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How to Protect Your Medical Practice From Employee Financial Fraud

Apr 26, 2019

When it comes to employee theft, medical practices are some of the most vulnerable. According to the Association of Certified Fraud Examiners (ACFE), health care has the fourth-highest rate of reported fraud, out of 25 industries.[1]

Just how often does it happen? It’s hard to say, because most medical practices don’t want the public to know they’ve been victimized. Many fraud cases go unreported. Yet the ACFE estimates that the typical organization loses 5% of annual revenue to fraud, so if your clinic realizes $1 million in income, for example, you could be losing $50,000 a year to employee embezzlement and theft. 

Why Fraud Happens

Many doctors see themselves as healers and caregivers first, and businesspeople second. That could be why so many practice owners fail to implement the kinds of controls necessary to deter fraud in the first place.

Clinics particularly susceptible are those with cash-payment models and retail product lines. Dermatology practices, dentist offices and eyecare clinics, for example, are often at highest risk. What’s more, the fraudsters we see are almost always longtime, trusted employees. Physician clinic owners tend to have small teams, and they don’t want to believe that someone close to them would steal.

Fraud specialists refer to the “fraud triangle” to explain how and why fraud occurs. This model suggests that three factors must be present: opportunity, pressure and rationalization.

Opportunity is one area of the triangle that clinic owners can control. You can deter employees by putting systems and processes in place that limit their ability to steal. This could mean inventory controls, restricted access and a variety of checks and balances in your accounting system.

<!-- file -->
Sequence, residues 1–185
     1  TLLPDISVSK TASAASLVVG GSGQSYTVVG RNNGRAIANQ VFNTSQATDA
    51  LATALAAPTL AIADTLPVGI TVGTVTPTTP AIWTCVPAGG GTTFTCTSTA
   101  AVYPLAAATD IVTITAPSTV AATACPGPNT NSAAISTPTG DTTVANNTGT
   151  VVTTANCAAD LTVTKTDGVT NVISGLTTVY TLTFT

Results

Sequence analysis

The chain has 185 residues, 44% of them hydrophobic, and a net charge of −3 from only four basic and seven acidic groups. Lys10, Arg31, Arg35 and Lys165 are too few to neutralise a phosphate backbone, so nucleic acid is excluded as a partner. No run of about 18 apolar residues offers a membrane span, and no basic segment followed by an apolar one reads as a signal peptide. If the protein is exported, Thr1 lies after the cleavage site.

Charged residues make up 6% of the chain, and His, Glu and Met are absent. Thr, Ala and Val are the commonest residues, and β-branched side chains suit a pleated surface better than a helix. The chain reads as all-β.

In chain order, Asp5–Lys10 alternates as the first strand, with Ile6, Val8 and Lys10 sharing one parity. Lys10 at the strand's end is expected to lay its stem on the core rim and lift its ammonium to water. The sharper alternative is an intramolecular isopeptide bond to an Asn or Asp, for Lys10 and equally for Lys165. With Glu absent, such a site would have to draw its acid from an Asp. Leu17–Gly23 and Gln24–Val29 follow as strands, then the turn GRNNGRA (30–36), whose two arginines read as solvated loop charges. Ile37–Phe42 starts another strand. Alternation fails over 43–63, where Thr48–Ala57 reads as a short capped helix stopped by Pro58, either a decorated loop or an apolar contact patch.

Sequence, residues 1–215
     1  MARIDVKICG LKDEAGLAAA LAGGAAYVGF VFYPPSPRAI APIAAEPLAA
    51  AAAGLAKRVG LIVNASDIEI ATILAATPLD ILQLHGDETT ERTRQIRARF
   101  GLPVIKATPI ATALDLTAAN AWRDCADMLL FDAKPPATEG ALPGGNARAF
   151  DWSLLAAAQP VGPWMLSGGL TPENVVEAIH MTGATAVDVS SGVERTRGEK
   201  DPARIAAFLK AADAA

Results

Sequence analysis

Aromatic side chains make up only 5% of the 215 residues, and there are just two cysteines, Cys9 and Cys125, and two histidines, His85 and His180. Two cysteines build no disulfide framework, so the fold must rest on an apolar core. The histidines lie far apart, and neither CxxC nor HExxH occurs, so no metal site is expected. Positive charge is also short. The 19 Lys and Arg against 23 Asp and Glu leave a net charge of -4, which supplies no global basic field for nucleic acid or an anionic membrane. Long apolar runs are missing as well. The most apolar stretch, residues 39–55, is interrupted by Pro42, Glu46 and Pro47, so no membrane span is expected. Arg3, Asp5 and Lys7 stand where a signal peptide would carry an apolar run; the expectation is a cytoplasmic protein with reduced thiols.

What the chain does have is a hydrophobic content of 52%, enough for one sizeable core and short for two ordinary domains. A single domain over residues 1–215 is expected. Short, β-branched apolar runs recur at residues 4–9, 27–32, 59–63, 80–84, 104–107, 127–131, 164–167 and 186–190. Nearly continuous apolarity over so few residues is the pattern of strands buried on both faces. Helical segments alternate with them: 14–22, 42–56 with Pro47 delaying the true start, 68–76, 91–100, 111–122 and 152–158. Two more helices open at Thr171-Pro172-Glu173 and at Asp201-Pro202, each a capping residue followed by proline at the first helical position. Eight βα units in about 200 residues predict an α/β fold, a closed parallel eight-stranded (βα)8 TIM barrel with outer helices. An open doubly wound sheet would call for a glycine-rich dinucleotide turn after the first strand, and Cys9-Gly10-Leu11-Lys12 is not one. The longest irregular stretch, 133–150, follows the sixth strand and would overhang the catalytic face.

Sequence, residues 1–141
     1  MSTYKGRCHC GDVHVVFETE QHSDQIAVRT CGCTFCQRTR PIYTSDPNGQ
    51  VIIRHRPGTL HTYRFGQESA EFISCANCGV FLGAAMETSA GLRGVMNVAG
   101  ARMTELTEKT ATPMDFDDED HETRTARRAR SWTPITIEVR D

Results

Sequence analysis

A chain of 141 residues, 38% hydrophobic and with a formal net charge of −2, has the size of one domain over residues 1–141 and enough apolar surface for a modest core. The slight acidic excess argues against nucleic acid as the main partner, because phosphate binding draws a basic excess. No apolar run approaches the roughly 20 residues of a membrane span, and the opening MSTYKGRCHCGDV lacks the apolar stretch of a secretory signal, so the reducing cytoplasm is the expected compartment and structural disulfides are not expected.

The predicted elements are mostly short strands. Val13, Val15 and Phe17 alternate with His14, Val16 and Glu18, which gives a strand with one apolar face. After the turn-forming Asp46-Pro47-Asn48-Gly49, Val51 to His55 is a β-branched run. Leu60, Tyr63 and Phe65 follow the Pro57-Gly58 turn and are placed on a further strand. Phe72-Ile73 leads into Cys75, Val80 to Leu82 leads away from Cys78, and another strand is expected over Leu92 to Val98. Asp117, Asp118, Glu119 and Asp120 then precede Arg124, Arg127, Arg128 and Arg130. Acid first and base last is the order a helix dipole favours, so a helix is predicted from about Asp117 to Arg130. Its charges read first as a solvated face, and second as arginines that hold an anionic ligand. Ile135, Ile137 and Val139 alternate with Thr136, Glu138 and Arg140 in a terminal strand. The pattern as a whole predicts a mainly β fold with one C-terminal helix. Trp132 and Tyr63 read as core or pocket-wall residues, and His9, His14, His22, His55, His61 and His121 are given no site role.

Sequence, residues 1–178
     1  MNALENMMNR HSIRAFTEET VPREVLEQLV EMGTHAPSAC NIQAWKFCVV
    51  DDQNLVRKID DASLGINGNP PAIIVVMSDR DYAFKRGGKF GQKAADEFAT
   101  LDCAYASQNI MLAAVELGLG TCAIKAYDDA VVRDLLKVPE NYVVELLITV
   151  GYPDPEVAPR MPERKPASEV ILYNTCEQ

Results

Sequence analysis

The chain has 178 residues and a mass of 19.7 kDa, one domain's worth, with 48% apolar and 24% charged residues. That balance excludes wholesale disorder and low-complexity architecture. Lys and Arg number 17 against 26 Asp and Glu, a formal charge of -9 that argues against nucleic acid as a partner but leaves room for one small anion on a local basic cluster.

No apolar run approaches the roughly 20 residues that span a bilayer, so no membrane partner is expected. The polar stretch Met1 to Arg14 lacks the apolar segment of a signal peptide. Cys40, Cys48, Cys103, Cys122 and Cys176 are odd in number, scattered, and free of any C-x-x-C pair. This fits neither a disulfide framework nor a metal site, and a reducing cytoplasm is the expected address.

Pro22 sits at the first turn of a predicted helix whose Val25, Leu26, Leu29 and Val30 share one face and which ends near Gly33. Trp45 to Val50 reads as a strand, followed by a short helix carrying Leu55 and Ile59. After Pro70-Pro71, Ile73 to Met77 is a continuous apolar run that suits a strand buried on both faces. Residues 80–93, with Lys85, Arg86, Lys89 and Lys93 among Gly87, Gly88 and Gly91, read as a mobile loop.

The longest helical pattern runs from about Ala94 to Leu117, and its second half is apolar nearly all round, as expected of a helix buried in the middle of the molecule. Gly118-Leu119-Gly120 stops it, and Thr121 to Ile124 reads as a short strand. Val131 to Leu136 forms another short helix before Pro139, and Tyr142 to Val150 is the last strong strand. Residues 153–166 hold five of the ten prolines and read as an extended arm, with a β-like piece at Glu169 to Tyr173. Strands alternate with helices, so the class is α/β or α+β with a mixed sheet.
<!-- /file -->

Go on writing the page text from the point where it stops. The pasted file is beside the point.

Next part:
Employees who steal have some kind of motive pressuring them, and they will rationalize their crime in different ways:

  • Financial pressures such as addiction, gambling or other vices
  • Family needs such as a sick loved one or a child entering college
  • Living beyond their means and feeling like the clinic owner has plenty to “share”
  • Feeling like the company “owes” them

Employees who steal may feel undercompensated or unrewarded for business success. Some act out of a sense of revenge. And others may simply respond to an opportunity, believing the physician owner won’t miss the money anyway.

How Fraud Happens

Employees can find any number of ways to commit theft. Medical clinics are particularly susceptible to billing schemes and faulty expense reimbursements. Skimming cash, using company accounts for personal purchases and stealing inventory are also common.

In roughly half of all thefts, employees will create fraudulent documents or falsify documents in order to cover their tracks. But altering transactions in the accounting system is also common.

Spotting the Warning Signs

Hindsight is 20/20, and it’s easier to spot the warning signs after you’ve discovered something amiss. Still, here are some red flags that could signal an employee is stealing:

  • An employee spends excessively or has financial problems